Terry Crews on his decision to start therapy: 'My wife was gone. My family was gone. And I had no other choice'

·3-min read

Actor and television host Terry Crews opened up about his decision to take charge of his mental health and unlearn past behaviors in an interview with Amy Morin for the Verywell Mind Podcast.

Crews, 53, a former NFL player, revealed that he struggled with the pressures to appear "tough" for the majority of his life, often to the detriment of his mental health and personal relationships.

"For almost my first 40 years on Earth, [toughness] was a battle to get up the earliest, to work the longest, to do the most work. And then I wore myself out," said Crews, adding that the "grind" mentality that comes with working in the high-pressure environments of professional sports and entertainment chipped away at him for years.

"This grind will eat you up alive. It's literally a grinder. And if you have that mindset, it will totally take you out in a lot of ways and you'll be over it before you think you're started. But it can really, really eat you up," said Crews.

The America's Got Talent host said it wasn't until he "redefined" what toughness was to him that he was able to move past the façade he had put on for so long.

Terry Crews opened up about what pushed him to start therapy (Photo by Dominik Bindl/Getty Images)
Terry Crews opened up about what pushed him to start therapy (Photo by Dominik Bindl/Getty Images)

"I had to redefine what toughness was. Toughness used to be the ability to throw punches. But now in my revelation, it's really the ability to take things, and to really endure the right way and to really just understand your weaknesses, understand your strengths and the wisdom to know the difference in a lot of ways," said Crews.

While Crews currently credits therapy for a large part of his growth and champions it as a "life-saving" decision, he admits that at a point, it was one of his biggest challenges.

"The obstacle was therapy itself. In my community and where I grew up, it was therapy [that] was seen as quackery. And actually doing something to really talk through your own issues, thinking about your own thinking was viewed as quackery," said Crews of the negative stereotypes surrounding therapy in the Black community.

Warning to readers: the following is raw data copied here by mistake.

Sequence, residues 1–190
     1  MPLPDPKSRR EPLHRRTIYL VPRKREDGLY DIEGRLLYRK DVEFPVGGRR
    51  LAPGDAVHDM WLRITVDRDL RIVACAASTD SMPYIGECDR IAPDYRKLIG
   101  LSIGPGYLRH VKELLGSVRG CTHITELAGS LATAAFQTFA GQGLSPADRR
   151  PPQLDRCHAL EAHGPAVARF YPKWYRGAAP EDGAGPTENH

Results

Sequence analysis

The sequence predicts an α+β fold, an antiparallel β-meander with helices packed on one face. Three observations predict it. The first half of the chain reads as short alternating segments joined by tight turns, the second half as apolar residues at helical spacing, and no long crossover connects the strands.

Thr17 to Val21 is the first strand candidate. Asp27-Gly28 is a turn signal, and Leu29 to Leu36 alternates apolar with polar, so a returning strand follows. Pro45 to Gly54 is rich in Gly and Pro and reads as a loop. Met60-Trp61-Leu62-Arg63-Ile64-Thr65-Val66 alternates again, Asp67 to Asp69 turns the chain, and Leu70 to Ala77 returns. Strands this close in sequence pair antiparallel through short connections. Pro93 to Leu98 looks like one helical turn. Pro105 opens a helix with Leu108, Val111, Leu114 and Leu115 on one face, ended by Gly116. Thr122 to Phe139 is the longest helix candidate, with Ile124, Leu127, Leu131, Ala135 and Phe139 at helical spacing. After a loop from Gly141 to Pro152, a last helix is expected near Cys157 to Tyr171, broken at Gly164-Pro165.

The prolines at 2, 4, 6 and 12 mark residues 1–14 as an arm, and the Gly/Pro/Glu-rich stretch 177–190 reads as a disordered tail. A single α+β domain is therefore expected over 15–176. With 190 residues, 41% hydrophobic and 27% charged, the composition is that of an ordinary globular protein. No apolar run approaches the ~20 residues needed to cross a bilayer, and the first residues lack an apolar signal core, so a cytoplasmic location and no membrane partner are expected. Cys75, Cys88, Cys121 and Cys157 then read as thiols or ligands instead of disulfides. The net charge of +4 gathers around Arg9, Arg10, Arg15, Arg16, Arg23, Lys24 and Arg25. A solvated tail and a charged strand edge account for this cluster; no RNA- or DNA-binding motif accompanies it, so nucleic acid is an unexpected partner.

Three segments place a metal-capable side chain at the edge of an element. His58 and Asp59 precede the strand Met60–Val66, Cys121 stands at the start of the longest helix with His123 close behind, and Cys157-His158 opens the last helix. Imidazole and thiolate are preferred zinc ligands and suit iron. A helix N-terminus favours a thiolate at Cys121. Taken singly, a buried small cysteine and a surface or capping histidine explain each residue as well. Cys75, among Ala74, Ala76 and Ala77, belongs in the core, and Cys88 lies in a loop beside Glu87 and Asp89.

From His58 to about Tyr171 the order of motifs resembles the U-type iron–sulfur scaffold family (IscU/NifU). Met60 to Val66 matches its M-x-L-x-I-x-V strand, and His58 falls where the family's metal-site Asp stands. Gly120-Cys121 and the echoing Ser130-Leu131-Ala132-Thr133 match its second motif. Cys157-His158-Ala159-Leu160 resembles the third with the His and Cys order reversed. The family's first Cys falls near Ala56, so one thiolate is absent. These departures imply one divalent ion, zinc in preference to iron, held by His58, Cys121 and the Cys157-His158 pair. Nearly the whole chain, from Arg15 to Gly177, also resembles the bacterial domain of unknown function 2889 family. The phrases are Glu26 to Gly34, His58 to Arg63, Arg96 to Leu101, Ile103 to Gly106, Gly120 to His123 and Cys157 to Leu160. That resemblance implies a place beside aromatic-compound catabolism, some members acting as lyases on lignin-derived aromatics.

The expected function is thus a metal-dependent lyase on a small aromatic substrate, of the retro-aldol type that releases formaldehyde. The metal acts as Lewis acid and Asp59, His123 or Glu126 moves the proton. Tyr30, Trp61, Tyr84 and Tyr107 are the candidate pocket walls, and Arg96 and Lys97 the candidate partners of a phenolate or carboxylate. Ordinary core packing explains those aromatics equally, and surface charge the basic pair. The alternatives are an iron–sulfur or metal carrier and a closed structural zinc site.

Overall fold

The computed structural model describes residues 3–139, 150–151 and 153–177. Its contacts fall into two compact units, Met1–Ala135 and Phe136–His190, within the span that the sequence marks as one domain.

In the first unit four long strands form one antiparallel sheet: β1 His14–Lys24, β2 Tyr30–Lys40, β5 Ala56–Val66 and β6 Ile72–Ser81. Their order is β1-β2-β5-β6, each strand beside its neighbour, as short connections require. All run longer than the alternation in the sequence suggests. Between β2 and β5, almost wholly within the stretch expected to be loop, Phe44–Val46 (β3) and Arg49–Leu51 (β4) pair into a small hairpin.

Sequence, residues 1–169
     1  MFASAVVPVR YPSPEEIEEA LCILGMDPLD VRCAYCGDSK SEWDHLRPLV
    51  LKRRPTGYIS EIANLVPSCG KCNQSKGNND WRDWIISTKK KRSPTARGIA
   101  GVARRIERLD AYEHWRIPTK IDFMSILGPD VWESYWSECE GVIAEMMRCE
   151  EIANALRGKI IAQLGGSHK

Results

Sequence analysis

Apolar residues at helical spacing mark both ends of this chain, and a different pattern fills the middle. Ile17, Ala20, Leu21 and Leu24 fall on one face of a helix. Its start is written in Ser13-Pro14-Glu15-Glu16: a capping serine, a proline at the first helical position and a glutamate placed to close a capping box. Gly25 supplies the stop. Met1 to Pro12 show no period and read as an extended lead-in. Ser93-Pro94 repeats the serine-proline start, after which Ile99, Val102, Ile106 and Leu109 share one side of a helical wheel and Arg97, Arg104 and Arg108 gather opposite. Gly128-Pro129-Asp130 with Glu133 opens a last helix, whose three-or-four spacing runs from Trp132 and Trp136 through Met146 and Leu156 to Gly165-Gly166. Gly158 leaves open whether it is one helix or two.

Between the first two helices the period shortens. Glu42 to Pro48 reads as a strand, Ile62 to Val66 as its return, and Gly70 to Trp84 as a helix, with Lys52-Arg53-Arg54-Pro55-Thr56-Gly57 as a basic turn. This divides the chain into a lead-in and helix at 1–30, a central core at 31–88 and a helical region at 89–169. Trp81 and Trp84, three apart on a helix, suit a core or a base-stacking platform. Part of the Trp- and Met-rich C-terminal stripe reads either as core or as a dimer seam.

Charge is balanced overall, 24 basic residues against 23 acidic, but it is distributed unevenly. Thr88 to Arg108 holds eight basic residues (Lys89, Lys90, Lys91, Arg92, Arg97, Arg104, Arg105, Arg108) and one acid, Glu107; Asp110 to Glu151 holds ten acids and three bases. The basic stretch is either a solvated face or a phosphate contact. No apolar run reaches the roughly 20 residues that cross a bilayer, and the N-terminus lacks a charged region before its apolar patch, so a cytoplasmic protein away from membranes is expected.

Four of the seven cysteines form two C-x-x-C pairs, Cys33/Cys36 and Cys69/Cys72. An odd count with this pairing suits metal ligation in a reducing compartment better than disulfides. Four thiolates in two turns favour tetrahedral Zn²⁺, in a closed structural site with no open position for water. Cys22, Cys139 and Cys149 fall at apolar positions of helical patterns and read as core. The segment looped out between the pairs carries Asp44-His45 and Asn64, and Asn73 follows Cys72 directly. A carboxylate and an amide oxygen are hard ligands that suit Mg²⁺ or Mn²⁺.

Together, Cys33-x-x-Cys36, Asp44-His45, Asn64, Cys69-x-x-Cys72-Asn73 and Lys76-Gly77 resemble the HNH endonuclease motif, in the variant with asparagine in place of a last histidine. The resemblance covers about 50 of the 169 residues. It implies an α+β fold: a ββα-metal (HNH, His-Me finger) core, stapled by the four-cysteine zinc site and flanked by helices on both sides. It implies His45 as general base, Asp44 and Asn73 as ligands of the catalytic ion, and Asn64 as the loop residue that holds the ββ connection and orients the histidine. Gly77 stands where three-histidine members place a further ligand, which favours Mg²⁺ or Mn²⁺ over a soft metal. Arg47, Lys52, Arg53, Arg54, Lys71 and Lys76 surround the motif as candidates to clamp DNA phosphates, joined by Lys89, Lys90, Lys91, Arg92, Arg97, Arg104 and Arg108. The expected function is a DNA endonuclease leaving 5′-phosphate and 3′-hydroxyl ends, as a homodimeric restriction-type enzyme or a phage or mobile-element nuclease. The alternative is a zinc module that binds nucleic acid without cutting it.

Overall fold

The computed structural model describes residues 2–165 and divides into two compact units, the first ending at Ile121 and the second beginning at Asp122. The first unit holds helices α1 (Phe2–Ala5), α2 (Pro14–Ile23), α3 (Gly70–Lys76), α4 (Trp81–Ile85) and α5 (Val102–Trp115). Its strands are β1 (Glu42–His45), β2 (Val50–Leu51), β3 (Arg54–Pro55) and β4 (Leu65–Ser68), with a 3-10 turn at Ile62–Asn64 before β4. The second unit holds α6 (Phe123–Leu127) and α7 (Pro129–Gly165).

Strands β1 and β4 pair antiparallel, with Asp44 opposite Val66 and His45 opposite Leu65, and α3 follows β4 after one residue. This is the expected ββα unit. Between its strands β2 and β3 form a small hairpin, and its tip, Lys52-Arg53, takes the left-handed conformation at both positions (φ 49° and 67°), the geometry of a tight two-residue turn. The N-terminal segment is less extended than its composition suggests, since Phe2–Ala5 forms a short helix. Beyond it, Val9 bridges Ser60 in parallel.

The stigmas surrounding mental health left Crews reluctant to seek help for years. He revealed that It wasn't until his wife left him that he actually took inventory of how detrimental his need for external validation had become. He credits an eye-opening conversation with a friend for pushing him to look within.

"He said, 'Terry I can't promise you you're going to get your wife and family back but you've got to get better for you,' and that was [a] watershed [moment] ... because I did everything in my life for rewards. Everything in my life was based on, if I do this, I'm supposed to get this. If I did this, I'm supposed to get this trophy. I'm supposed to get this money. If I do this, I get sex. If I do this, I get fame," said Crews.

It wasn't until Crews had everything he thought he wanted that he realized how truly empty he was.

"I got the car. I got the house. I got the wife, I got this. And then you point all these things out and intrinsically, you were hollow. And I was hollow. And finally, I was at rock bottom. My wife was gone. My family was gone. And I had no other choice. That whole phrase about you getting better for you meant therapy," said Crews.

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